Panning past the noonday sun is quite different than having a prolonged stationary shot into the sun, which some might try to do. Most ND filters will still let UV and IR radiation through. (I'm not willing to risk my own or someone else's digital camera to test the limits though).
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#11 Dimitrios Koukas

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Posted 22 September 2005 - 03:53 AM

Panning past the noonday sun is quite different than having a prolonged stationary shot into the sun, which some might try to do.  Most ND filters will still let UV and IR radiation through.  (I'm not willing to risk my own or someone else's digital camera to test the limits though).

<{POST_SNAPBACK}>


There is no problem shooting at the sun at all,
If you just always pointing at it with your iris set to a diaphragm that is appropriate.
Go with the high definition camera.
If the sun could burn the ccd, then why not a highlight on a scene wouldn't do the same?
All has to do with the amount or strength of light that falls on to the ccd.
U can have an extended shot of everything, if it's normal exposed.
Dimitrios Koukas
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#12 Mike Brennan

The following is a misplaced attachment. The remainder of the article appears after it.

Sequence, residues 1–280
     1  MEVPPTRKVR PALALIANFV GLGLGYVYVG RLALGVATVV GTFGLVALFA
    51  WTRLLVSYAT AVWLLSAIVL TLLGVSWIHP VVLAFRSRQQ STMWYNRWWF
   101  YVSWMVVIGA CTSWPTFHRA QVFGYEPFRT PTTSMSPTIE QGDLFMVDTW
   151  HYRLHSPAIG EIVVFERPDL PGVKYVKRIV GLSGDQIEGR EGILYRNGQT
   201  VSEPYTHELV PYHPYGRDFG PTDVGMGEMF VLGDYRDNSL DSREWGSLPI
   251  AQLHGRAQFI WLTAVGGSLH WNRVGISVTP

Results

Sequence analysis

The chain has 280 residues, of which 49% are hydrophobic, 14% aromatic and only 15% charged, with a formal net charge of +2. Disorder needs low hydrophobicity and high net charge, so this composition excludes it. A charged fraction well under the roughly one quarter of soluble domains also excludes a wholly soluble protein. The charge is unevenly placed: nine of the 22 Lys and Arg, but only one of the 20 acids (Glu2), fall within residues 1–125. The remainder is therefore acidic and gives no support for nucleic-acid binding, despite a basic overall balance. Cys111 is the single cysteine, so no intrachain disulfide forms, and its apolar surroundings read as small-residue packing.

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Posted 25 September 2005 - 06:27 AM

There is no problem shooting at the sun at all,
If you just always pointing at it with your iris set to a diaphragm that is appropriate.
Go with the high definition camera.
If the sun could burn the ccd, then why not a highlight on a scene wouldn't do the same?
All has to do with the amount or strength of light that falls on to the ccd.
U can have an extended shot of everything, if it's normal exposed.
Dimitrios Koukas

<{POST_SNAPBACK}>


You won't be able to use Iris and ND to reduce the sun to a nice golden ball.
You'll need to use electronic shutter.
This will mean that there is a lot of energy hitting the ccd.
I suggest that you shoot an evening sun which will be less bright.

I regularly shoot with f11 1000mm prime lens.

A few years ago I did a timelapse with a 1/2 inch minicam and wideangle lens. It damaged the ccd.(the only damage I have ever done to a ccd. The damage was in the form of a slight pink trace across the ccd where the sun tracked across the ccd.

Why? Because the sun was focused into a very very small pinprick by the wide angle lens and the exposure was for the ambient light (the cityscape scene) and not the light source itself (the sun)